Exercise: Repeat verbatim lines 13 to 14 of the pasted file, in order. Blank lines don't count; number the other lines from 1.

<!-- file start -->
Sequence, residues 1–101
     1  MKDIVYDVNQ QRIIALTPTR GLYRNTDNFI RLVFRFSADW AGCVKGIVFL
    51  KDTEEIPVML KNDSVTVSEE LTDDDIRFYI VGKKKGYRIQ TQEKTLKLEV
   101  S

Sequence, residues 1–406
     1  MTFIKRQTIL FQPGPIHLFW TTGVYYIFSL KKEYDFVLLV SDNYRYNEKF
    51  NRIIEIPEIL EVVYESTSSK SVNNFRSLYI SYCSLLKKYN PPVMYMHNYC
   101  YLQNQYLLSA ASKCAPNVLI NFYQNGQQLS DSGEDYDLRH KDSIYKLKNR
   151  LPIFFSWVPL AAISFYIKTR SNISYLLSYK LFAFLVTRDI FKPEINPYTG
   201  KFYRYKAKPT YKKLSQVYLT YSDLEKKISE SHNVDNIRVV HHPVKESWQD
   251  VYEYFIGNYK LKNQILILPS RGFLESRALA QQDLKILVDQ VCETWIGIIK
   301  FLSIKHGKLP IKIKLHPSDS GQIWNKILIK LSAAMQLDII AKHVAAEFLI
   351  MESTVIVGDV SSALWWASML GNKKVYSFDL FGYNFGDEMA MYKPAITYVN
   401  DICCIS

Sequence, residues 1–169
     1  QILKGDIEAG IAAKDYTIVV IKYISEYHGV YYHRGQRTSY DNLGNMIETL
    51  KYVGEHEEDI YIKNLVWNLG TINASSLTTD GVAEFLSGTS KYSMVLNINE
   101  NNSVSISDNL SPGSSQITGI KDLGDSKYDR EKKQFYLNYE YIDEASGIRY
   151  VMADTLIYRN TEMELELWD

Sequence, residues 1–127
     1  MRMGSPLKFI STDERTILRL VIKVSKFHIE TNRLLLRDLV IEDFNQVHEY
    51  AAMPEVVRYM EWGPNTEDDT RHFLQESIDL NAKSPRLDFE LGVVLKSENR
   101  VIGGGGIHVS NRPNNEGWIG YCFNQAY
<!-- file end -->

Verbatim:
   351  MESTVIVGDV SSALWWASML GNKKVYSFDL FGYNFGDEMA MYKPAITYVN
   401  DICCIS